Tomatoes in Winter

 

Polka Dot Hen Produce fresh produce Wiarton Farmers' Market
Fresh tomatoes from Polka Dot Hen Produce destined for the Wiarton Farmers’ Market

Looking at this picture of our fresh tomatoes almost hurts at this time of year.

It is February, and outside the wind is whipping the trees mercilessly. The second thaw of the winter has reduced the snow pack, but it’s going to be a long time until these beauties are on my plate again.

I’m doing what I can to set the stage for their return.

Almost with mouth watering, I’m planning this year’s tomato selections.  The seed catalogues are arrayed around me on the desk as I create my short list.

Deciding for or against a variety is based on several observations over the season. Then, the task every autumn is to review how each tomato variety performed overall. This is crucial,  because right now, there needs to be a balance between the dreams espoused by those glossy seed catalogues and reality.

Back to my plate, today.

There is a little good news stored in the freezer. While the tomato production this autumn was outpacing market sales and our own consumption, I took the time to put up some of the goodness for a time such as this.

Slow-Roasted Tomatoes

These take time to make, but don’t need to be tended constantly. The recipe is pretty loose; once you make a batch, you’ll get the hang of it.

Start by slicing your tomatoes and placing them on a parchment-lined baking tray, sliced side up.

sliced tomatoes Polka Dot Hen Produce
Sliced tomatoes ready for roasting on parchment-lined baking trays

Now you have a choice to make. Do you want simple roasted tomatoes or do you want to fancy them up?

sliced tomatoes Polka Dot Hen Produce
Ready to roast. Now for a drizzle of olive oil.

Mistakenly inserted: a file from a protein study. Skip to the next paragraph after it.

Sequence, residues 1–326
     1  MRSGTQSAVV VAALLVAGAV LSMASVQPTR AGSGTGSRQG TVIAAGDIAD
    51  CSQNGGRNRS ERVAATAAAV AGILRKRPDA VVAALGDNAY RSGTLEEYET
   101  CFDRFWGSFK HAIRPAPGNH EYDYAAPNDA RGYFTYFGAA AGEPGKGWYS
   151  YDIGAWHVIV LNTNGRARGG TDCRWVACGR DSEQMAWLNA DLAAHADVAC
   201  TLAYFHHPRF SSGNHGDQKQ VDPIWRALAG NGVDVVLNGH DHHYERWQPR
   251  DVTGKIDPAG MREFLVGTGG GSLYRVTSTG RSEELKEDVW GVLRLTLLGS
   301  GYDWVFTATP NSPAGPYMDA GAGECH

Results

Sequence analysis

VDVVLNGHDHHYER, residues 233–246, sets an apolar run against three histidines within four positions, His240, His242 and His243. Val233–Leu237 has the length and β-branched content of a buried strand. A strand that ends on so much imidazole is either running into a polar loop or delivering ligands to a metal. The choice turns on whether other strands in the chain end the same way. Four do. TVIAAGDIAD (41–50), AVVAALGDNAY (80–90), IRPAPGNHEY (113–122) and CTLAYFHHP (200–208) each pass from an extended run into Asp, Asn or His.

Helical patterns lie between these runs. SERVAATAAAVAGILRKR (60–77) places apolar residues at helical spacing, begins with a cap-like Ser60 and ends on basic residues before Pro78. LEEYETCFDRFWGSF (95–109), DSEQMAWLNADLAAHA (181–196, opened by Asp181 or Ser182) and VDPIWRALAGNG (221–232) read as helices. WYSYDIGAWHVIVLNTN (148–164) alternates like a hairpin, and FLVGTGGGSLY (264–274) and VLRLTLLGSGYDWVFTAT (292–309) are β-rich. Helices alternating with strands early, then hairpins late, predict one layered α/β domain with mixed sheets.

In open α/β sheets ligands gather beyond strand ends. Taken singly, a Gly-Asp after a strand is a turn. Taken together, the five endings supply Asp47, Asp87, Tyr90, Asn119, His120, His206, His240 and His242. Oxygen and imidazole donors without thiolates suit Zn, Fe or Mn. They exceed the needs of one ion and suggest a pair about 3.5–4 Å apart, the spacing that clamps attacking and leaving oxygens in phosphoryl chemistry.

For simple, delicious goodness, simply drizzle the tomatoes with olive oil. For fancier fare, drizzle the tomatoes not only with olive oil, but also with balsamic vinegar.  Pinches of salt and pepper, or thinly sliced garlic are tasty additions.

Roast at 350F until the tomatoes start to shrivel. Now lower the temp in the oven and continue to cook them. The timing depends on the size of your tomatoes and how thickly they are cut.  Larger tomatoes can take a couple of hours. These cherry and saladette tomatoes took about forty-five minutes.

Keep the heat on until they are shrivelled, sweet and smoky. I let them cool in the oven once it is turned off to get a more sun-dried tomato texture.

Roasted tomatoes Polka Dot Hen Produce
The finished product

These tomatoes are ready to eat right away. In fact, they are hard to stop eating.

But the really good news for us in February, is that slow roasted tomatoes  can also be frozen.  Thaw and eat as is, or puree into a delicious sauce.

I suppose this technique could be tried on those hard softballs they try to pass off as “tomatoes” in the grocery store. As for me, I’ll head to the freezer and bring out another package of summer.

SaveSave

SaveSave

SaveSave

SaveSave

SaveSave

SaveSave

SaveSaveSaveSave

Starting again

snowy lane and trees Bruce Peninsula Polka Dot Hen Produce
Snow blankets the farm and forest as we contemplate the coming season.

Out the window is a sea of white. The chickadees and nuthatches take turns grabbing sunflower seeds from the feeder. Every once in a while the blue jays and woodpeckers flap in and push everyone aside. Then they leave, or are more often startled off by the dog, and the small birds return. Meanwhile, I sit here and watch it all unfold.

It’s my time of year for quiet and retrospection. A time to look over the past year’s experiences and notes, and to think about what went well. Also it’s the time to look at what could be improved upon this coming season. Which is a nice way of saying, “What just plain failed, stank or drove me nuts last summer?” But with a little more distance and perspective. Continue reading “Starting again”

Seasonal Eating – Spring

Close-up of pear tree blossoms
Pear tree blossoms are a welcome sign that spring is has arrived and lots of delicious seasonal flavours await.

 

I used our last homegrown carrots last weekend. They were purple carrots–a variety called Starburst–that I dug out of the garden in January. I put them into a curry that got slammed into the oven so I could get back to transplanting Swiss chard. Hours later, those carrots were still pretty tasty, as was the curry.

Starburst carrots dug in winter from the garden
Carrots dug from the garden January 22, 2017. Deliciously sweet!

 

Seasonal eating has been on trend for a while now. It’s something we are encouraged to explore to benefit our health, and the health of the planet. Growing most of our own vegetables here means we’ve really embraced seasonal eating. Maybe we are embracing it just a little too much, according to certain family members.

Continue reading “Seasonal Eating – Spring”